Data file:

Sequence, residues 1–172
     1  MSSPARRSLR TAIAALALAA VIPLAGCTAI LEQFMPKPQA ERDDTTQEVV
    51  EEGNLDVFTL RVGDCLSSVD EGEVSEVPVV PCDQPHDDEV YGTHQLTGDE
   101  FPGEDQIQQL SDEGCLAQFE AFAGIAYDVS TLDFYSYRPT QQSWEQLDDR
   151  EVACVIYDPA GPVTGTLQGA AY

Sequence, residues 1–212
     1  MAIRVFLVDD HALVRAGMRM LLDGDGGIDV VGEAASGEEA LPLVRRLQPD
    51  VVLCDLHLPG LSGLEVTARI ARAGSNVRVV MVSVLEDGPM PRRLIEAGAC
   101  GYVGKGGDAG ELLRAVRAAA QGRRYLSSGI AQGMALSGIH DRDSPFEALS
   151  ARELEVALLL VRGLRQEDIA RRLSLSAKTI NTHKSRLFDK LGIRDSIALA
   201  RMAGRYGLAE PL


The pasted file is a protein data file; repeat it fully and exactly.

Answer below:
Sequence, residues 1–172
     1  MSSPARRSLR TAIAALALAA VIPLAGCTAI LEQFMPKPQA ERDDTTQEVV
    51  EEGNLDVFTL RVGDCLSSVD EGEVSEVPVV PCDQPHDDEV YGTHQLTGDE
   101  FPGEDQIQQL SDEGCLAQFE AFAGIAYDVS TLDFYSYRPT QQSWEQLDDR
   151  EVACVIYDPA GPVTGTLQGA AY

Sequence, residues 1–212
     1  MAIRVFLVDD HALVRAGMRM LLDGDGGIDV VGEAASGEEA LPLVRRLQPD
    51  VVLCDLHLPG LSGLEVTARI ARAGSNVRVV MVSVLEDGPM PRRLIEAGAC
   101  GYVGKGGDAG ELLRAVRAAA QGRRYLSSGI AQGMALSGIH DRDSPFEALS
   151  ARELEVALLL VRGLRQEDIA RRLSLSAKTI NTHKSRLFDK LGIRDSIALA
   201  RMAGRYGLAE PL